A vulnerable single mother was focused on caring for her disabled daughter when she trusted ANZ financial adviser Scott Hines to look after her finances.
Over seven years, the 41-year-old Mildura man gradually took full control of her bank accounts, stealing more than $363,000.
Hines was sentenced to three years and five months in prison by the County Court on Wednesday.
He was working as a financial adviser at the Mildura ANZ branch in 2010 when he met the victim and created a financial plan for her.
She cared full-time for her daughter, who has cerebral palsy and epilepsy, and needed help managing her finances, including her superannuation, some property and a $1 million inheritance.
The offending began in July 2011, when Hines withdrew $100,000 from one of the victim’s bank accounts and purchased a cheque in Swan Hill, using the money to buy shares.
Later that year Hines withdrew another $230,000 from her account and loaned it to another customer, charging them about $37,000 in interest.
In 2012 he was sacked by ANZ over serious misconduct after an unrelated customer complaint, but he continued to deceive the mother of four and used her money to settle the other case.
By April that year he had full control over her bank accounts and brought her over to his own financial planning business, telling her not to tell anyone at ANZ about this.
He used her debit card at Bunnings in Mildura, setting up a trade account under the name Department of Defence and spending more than $10,000.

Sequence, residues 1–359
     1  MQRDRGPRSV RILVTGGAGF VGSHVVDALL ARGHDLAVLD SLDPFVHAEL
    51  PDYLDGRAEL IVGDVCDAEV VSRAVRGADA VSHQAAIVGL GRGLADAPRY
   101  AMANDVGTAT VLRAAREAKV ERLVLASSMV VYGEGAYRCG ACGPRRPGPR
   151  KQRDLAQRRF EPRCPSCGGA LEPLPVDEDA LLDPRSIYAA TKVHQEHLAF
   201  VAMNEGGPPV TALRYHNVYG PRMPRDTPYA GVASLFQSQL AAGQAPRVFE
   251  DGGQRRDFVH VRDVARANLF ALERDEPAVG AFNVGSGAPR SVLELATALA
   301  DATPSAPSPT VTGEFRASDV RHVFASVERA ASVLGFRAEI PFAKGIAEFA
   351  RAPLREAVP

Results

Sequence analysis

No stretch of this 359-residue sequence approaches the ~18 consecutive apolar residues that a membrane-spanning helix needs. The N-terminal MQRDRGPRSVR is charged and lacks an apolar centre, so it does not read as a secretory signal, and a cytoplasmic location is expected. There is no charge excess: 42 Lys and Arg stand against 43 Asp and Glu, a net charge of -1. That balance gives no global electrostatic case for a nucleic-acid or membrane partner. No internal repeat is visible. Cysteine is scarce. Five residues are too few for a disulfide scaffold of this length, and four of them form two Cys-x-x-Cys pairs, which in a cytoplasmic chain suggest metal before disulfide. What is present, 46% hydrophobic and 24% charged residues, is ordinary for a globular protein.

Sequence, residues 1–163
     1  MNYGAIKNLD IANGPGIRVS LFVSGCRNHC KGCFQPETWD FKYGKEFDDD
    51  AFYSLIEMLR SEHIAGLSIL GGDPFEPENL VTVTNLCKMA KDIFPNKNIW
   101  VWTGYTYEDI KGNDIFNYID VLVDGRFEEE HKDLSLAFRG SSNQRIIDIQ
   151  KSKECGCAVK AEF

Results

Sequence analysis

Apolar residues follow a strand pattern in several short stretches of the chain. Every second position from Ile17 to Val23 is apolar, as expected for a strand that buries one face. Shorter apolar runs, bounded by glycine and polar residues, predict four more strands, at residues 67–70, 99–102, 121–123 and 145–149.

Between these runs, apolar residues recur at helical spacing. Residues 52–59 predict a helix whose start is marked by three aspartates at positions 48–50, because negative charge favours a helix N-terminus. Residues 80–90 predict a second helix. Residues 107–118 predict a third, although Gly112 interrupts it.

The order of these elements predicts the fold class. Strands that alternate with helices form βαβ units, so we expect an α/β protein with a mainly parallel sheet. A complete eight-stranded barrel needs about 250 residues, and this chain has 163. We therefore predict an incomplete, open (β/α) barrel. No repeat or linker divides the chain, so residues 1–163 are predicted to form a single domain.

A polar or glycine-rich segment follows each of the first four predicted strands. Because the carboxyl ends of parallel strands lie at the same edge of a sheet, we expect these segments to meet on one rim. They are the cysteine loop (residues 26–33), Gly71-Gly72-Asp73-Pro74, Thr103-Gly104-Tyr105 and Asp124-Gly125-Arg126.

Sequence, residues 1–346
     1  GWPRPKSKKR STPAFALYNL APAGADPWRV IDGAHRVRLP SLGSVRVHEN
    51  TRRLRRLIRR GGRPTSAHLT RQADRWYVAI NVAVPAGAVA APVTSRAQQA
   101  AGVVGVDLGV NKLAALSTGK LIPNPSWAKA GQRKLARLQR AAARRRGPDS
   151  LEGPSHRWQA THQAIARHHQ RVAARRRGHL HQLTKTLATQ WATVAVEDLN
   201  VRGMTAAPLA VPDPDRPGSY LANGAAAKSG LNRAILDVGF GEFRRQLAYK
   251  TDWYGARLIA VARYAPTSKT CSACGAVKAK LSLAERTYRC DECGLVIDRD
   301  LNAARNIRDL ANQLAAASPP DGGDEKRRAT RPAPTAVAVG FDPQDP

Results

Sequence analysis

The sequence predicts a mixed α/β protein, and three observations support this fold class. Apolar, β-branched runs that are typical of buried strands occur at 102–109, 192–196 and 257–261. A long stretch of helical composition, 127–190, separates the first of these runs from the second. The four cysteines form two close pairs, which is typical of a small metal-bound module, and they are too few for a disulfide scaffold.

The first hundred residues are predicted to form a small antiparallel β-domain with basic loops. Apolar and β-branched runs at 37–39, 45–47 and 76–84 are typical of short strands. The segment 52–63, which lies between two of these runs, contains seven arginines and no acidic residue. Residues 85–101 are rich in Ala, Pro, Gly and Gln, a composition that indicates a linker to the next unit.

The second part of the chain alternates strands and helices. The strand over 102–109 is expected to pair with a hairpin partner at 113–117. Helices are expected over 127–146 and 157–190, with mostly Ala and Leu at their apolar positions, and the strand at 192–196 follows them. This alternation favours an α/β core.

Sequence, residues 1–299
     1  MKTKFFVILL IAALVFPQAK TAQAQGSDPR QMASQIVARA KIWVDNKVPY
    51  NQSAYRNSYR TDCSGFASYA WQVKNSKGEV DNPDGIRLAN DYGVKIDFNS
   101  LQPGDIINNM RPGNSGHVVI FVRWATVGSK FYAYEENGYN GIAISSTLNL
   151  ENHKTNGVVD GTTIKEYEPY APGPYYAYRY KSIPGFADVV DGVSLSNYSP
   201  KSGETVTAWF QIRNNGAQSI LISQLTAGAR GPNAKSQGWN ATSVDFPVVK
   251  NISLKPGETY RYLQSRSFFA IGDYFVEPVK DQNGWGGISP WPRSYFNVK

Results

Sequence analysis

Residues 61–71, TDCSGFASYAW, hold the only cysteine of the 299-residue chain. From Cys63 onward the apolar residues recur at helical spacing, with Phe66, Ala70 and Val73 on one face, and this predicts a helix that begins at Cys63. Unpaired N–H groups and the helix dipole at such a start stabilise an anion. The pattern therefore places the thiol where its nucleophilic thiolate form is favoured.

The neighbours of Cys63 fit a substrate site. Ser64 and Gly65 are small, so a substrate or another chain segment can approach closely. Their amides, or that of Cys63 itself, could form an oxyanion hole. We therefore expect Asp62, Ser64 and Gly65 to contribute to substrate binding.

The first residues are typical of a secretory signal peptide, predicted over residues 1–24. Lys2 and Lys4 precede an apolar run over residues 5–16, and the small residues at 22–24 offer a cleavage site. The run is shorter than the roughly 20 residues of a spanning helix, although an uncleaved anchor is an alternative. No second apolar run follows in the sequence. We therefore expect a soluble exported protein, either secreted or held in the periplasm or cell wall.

Hines also used his victim’s money to pay for his council rates, energy bills, buy from retail outlets and stole from her Centrelink pension.
Last year he pleaded guilty to three charges of obtaining financial advantage by deception, after stealing a total of $363,581 between 2011 and 2018.
His victim said she felt emotionally fragile from the fraud and she is still owed more than $350,000.
Judge Trevor Wraight said Hines’ offending was serious as he had controlled and manipulated his victim’s finances to the point where her money became his.
“You took advantage of a vulnerable person,” he told the court.
“She trusted you to look after finances, so she could focus on caring for her disabled daughter.”
Hines volunteered for the Australian Air Force Cadets for 10 years and was elevated to Commanding Officer before he was demoted and then discharged in 2021.
He has worked as a landscape gardener since 2018, and has alcohol abuse and gambling issues.
He will be eligible for parole after serving two years of his three year and five-month sentence.